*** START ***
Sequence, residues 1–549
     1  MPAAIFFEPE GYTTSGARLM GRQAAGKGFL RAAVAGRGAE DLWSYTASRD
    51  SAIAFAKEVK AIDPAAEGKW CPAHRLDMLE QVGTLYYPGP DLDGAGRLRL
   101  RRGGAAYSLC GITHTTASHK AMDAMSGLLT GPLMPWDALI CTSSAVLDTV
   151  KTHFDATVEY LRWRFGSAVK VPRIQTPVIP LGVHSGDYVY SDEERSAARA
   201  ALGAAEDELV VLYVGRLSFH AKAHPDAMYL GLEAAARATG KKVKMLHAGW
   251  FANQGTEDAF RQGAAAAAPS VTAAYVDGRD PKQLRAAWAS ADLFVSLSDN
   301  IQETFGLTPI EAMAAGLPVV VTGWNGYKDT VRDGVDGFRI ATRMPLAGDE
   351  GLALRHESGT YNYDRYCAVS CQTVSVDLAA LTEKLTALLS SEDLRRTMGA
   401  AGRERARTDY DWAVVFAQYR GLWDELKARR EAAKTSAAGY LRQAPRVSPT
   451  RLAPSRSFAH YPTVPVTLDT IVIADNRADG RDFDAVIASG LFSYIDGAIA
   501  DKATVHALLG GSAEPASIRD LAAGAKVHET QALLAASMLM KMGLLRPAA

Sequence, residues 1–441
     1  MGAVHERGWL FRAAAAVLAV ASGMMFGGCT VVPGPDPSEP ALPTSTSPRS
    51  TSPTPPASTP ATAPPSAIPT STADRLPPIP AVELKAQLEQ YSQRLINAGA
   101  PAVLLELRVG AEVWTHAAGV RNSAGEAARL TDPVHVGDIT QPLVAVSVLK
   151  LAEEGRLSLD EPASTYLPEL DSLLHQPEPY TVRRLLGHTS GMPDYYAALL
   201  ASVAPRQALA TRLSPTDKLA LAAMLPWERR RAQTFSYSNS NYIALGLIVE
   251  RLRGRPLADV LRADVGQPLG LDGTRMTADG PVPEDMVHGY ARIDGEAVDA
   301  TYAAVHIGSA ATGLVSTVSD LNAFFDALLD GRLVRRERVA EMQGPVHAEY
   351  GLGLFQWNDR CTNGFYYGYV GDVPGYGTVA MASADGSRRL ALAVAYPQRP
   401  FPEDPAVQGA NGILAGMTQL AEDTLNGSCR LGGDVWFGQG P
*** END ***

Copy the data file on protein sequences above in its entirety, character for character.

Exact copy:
Sequence, residues 1–549
     1  MPAAIFFEPE GYTTSGARLM GRQAAGKGFL RAAVAGRGAE DLWSYTASRD
    51  SAIAFAKEVK AIDPAAEGKW CPAHRLDMLE QVGTLYYPGP DLDGAGRLRL
   101  RRGGAAYSLC GITHTTASHK AMDAMSGLLT GPLMPWDALI CTSSAVLDTV
   151  KTHFDATVEY LRWRFGSAVK VPRIQTPVIP LGVHSGDYVY SDEERSAARA
   201  ALGAAEDELV VLYVGRLSFH AKAHPDAMYL GLEAAARATG KKVKMLHAGW
   251  FANQGTEDAF RQGAAAAAPS VTAAYVDGRD PKQLRAAWAS ADLFVSLSDN
   301  IQETFGLTPI EAMAAGLPVV VTGWNGYKDT VRDGVDGFRI ATRMPLAGDE
   351  GLALRHESGT YNYDRYCAVS CQTVSVDLAA LTEKLTALLS SEDLRRTMGA
   401  AGRERARTDY DWAVVFAQYR GLWDELKARR EAAKTSAAGY LRQAPRVSPT
   451  RLAPSRSFAH YPTVPVTLDT IVIADNRADG RDFDAVIASG LFSYIDGAIA
   501  DKATVHALLG GSAEPASIRD LAAGAKVHET QALLAASMLM KMGLLRPAA

Sequence, residues 1–441
     1  MGAVHERGWL FRAAAAVLAV ASGMMFGGCT VVPGPDPSEP ALPTSTSPRS
    51  TSPTPPASTP ATAPPSAIPT STADRLPPIP AVELKAQLEQ YSQRLINAGA
   101  PAVLLELRVG AEVWTHAAGV RNSAGEAARL TDPVHVGDIT QPLVAVSVLK
   151  LAEEGRLSLD EPASTYLPEL DSLLHQPEPY TVRRLLGHTS GMPDYYAALL
   201  ASVAPRQALA TRLSPTDKLA LAAMLPWERR RAQTFSYSNS NYIALGLIVE
   251  RLRGRPLADV LRADVGQPLG LDGTRMTADG PVPEDMVHGY ARIDGEAVDA
   301  TYAAVHIGSA ATGLVSTVSD LNAFFDALLD GRLVRRERVA EMQGPVHAEY
   351  GLGLFQWNDR CTNGFYYGYV GDVPGYGTVA MASADGSRRL ALAVAYPQRP
   401  FPEDPAVQGA NGILAGMTQL AEDTLNGSCR LGGDVWFGQG P